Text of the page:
Dynamic, quick, free-flowing—adjectives to describe the German front-line after the opening 45 minutes. Jurgie Lowe set out his team in a 5-2-3, pushing his wing backs very high up the pitch making the formation look more like a 3-4-3. It was a roll of the dice, a chance to flip the script after seven consecutive defeats. Lowe was given a vote of confidence after the World Cup, but the German National team has only seen it’s form suffer long past the World Cup. With a front line of Sane, Werner, and Gnarby, Germany had the characteristics to return to their famed roots—lightning quick counter-attacks. With Toni Kroos and Joshua Kimmich holding down the center of midfield, they did just that; Germany looked like the side we had all remembered, a relentless machine. The score could have very well been 2 or 3-0 to Germany after the first 45 minutes. Mpabbe was the one X-factor for France, whose speed on the counter made Toni Kroos look like an old man on more than one occasion. Varane had to deal with the dynamic movement and lightning counters of Germany’s front three meaning his pace was essential in keeping them off the scoreboard. On more than one occasion, Varane was able to track down Sane and end a counter before it happened. There were no signs of the niggle that forced him off midway through the Iceland game. Despite Varane’s best efforts, France did give away a penalty kick due to a poor challenge from Kimpembe. It was none other than Toni Kroos who stepped up to dispatch the penalty and give Germany a deserved lead.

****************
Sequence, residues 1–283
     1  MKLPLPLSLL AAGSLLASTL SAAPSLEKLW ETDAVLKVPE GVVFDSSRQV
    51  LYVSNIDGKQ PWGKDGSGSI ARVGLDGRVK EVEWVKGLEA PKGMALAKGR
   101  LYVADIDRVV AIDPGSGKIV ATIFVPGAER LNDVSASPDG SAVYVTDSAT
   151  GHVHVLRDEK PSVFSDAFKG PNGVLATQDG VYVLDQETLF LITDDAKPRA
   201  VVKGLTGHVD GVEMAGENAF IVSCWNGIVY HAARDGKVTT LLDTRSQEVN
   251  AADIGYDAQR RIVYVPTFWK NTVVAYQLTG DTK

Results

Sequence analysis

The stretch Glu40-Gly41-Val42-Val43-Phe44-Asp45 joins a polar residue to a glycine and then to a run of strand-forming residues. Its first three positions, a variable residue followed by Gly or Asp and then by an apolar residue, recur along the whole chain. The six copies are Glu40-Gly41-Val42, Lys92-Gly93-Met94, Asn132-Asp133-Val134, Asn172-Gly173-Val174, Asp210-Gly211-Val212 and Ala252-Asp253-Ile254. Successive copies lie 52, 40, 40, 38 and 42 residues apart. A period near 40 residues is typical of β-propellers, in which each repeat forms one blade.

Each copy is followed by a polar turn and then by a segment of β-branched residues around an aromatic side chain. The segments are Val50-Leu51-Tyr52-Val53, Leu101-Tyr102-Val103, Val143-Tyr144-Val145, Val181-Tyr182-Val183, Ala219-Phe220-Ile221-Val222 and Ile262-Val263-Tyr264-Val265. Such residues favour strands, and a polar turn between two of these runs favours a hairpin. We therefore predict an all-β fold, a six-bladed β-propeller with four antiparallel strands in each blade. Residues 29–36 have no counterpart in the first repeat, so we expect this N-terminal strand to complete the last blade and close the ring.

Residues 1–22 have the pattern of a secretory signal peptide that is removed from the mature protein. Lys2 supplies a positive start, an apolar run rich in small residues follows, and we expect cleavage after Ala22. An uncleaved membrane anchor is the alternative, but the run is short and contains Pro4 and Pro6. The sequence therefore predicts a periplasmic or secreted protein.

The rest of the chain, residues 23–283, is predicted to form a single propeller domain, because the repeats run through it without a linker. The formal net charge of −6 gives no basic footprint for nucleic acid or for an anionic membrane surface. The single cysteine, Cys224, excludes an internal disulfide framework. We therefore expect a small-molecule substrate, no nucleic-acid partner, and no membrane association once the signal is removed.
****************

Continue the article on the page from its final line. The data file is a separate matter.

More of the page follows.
After so many losses, Germany were desperate for a win. The 1-0 lead in half-time must have boosted their confidence, but the French went on to show their championship mentality. Two goals from Antoine Griezmann: one a connection with his Atletico Madrid teammate, Lucas Hernandez and the other a deserved penalty that was slotted home. Deschamps and France nullified the German threat in the second half, with the young and dynamic front three of Sane, Gnarby, and Werner being kept quiet. Varane was immense in the back and has proven to be a true leader of this World Cup winning side along with Pogba and Greizmann. Toni Kroos, for all his best efforts, will be left disheartened. This German side may very well need a new coach and new cycle to get out of this rut. Kroos put in an exemplary performance, playing oftentimes a 2-man midfield. As has come to be expected, he was composed in possession and, like Varane, was the clear leader of the German side. Both players will return to Madrid tomorrow. Given Varane’s heavy minutes thus far in the season, it may be worth resting the center back. Under pressure Lopetegui, will hope the recovery time is enough to use them both against Levante at the weekend.